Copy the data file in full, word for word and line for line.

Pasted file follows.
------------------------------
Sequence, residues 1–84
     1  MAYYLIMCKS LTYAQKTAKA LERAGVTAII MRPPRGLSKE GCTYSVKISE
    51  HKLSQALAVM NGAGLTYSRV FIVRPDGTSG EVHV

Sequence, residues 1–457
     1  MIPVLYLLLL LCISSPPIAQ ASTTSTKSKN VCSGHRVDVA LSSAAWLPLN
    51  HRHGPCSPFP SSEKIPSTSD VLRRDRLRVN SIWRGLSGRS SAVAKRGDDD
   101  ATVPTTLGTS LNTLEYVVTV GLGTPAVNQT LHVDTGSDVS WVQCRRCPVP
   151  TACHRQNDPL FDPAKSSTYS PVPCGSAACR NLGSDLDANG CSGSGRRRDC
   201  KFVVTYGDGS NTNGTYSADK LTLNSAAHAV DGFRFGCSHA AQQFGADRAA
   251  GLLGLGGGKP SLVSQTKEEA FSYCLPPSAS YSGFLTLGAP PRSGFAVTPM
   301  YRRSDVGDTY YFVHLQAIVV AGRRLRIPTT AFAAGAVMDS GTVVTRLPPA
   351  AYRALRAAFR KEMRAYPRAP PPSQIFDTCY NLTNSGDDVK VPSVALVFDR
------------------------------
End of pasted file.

Sequence, residues 1–84
     1  MAYYLIMCKS LTYAQKTAKA LERAGVTAII MRPPRGLSKE GCTYSVKISE
    51  HKLSQALAVM NGAGLTYSRV FIVRPDGTSG EVHV

Sequence, residues 1–457
     1  MIPVLYLLLL LCISSPPIAQ ASTTSTKSKN VCSGHRVDVA LSSAAWLPLN
    51  HRHGPCSPFP SSEKIPSTSD VLRRDRLRVN SIWRGLSGRS SAVAKRGDDD
   101  ATVPTTLGTS LNTLEYVVTV GLGTPAVNQT LHVDTGSDVS WVQCRRCPVP
   151  TACHRQNDPL FDPAKSSTYS PVPCGSAACR NLGSDLDANG CSGSGRRRDC
   201  KFVVTYGDGS NTNGTYSADK LTLNSAAHAV DGFRFGCSHA AQQFGADRAA
   251  GLLGLGGGKP SLVSQTKEEA FSYCLPPSAS YSGFLTLGAP PRSGFAVTPM
   301  YRRSDVGDTY YFVHLQAIVV AGRRLRIPTT AFAAGAVMDS GTVVTRLPPA
   351  AYRALRAAFR KEMRAYPRAP PPSQIFDTCY NLTNSGDDVK VPSVALVFDR